The American Society for Microbiology recently hosted their annual Agar Art contest using petri dishes as canvases and microbes to create the artworks. Several artworks were presented such as landscapes and superheroes, but the artwork that garnered a lot of attention was a recreation of Vincent van Gogh's "The Starry Night."

"The artist picked the bacteria they wanted to use based on the different color expressed when that strain of bacteria grows," American Society for Microbiology's Public Outreach Manager Emily Dilger said, according to USA Today.

The artwork was created by Melanie Sullivan using a number of different bacteria to produce a variety of colors. Proteus mirabilis, a bacterium that causes urinary tract infections (UTIs), was used as brown while Acinetobacter baumanii, bacterium that attacks people's immune systems, was used to produce the white color. The blue-green color for the swirls of the Starry Night, was from Enterococcus faecalis that can be found in the GI tract and causes lower UTIs, as well, according to Fox News.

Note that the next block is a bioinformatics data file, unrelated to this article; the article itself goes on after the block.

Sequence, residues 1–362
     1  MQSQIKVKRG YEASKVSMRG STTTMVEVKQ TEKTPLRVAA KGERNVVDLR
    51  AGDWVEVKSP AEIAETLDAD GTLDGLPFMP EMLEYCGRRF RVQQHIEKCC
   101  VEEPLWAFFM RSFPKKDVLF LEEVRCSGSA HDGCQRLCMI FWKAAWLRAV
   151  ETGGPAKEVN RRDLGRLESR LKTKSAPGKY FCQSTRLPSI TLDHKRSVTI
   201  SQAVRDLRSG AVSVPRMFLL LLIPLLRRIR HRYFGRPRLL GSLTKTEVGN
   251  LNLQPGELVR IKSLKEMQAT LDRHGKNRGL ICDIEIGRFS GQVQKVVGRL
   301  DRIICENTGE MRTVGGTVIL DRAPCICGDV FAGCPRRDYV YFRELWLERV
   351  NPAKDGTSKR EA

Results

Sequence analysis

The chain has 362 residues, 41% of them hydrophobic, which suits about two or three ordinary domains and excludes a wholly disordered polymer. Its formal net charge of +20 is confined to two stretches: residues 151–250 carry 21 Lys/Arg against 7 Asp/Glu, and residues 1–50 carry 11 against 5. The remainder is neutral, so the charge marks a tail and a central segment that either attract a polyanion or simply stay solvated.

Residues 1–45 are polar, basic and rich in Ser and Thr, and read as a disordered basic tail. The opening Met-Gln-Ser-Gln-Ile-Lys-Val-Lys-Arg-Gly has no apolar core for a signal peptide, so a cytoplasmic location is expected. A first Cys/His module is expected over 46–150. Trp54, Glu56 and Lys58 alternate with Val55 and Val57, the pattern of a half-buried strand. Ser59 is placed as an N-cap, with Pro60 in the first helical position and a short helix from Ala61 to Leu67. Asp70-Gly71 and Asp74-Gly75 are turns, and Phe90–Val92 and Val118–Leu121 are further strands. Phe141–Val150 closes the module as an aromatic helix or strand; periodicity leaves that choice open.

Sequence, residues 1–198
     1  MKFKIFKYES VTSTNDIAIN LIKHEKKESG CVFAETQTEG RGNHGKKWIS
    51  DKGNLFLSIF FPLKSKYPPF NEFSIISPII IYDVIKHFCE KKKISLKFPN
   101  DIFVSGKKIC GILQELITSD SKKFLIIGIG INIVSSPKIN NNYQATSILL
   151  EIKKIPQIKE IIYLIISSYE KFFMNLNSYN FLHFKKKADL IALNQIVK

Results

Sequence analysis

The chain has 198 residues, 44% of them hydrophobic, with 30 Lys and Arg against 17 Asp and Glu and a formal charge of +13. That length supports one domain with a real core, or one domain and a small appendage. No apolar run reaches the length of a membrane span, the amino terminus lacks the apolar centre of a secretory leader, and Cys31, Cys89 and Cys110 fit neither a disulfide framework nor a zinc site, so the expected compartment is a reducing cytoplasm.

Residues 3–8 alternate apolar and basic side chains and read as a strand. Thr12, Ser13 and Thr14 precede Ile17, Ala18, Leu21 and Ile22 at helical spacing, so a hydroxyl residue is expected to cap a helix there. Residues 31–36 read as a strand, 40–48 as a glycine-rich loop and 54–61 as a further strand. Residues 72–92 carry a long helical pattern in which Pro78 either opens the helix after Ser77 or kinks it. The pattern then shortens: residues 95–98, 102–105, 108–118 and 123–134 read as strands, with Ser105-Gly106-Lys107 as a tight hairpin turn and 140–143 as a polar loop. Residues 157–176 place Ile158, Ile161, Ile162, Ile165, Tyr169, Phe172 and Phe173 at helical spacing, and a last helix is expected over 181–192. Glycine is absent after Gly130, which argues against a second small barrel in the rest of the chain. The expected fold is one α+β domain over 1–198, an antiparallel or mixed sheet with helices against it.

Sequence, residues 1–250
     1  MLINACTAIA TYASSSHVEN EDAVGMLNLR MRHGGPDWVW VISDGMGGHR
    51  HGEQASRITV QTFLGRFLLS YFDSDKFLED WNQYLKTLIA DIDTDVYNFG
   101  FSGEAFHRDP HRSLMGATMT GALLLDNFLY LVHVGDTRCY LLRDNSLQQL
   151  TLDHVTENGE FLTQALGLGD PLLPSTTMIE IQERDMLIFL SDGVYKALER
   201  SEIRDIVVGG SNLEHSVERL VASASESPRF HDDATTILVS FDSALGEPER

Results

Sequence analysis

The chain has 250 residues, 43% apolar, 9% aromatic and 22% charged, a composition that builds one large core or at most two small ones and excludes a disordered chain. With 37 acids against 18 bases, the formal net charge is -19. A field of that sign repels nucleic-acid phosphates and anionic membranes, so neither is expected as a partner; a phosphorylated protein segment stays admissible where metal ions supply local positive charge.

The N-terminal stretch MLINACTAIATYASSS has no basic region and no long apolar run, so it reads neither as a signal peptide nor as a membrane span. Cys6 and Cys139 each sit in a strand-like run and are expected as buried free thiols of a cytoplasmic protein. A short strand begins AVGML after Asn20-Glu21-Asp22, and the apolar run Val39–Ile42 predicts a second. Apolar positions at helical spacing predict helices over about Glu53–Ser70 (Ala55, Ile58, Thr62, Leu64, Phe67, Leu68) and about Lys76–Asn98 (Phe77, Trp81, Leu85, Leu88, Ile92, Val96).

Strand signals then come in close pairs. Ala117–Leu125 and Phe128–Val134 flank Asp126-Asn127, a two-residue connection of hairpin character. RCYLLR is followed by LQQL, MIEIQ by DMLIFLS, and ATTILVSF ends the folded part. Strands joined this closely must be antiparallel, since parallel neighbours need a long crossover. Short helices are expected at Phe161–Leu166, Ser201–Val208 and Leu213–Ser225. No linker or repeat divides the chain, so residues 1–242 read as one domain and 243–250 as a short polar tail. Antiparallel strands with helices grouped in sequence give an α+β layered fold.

However, Starry Night did not win.

First place was bagged by Mehmet Berkmen and Maria Penil through the artwork "Neurons" that was created using bacteria such as Nesterenkonia, Deinococcus and Sphingomonas, according to the Huffington Post. 

The place was crowdsourced and depicted an intricate map of New York City, entitled "NYC Biome Map." It was created using 94 squared petri dishes with bacteria that were altered using fluorescent protein and presented using ultraviolet light.

Petri dishes contained agar where the bacteria are supposed to live and grow according to the microbiologists' perspective. The winners were announced in September.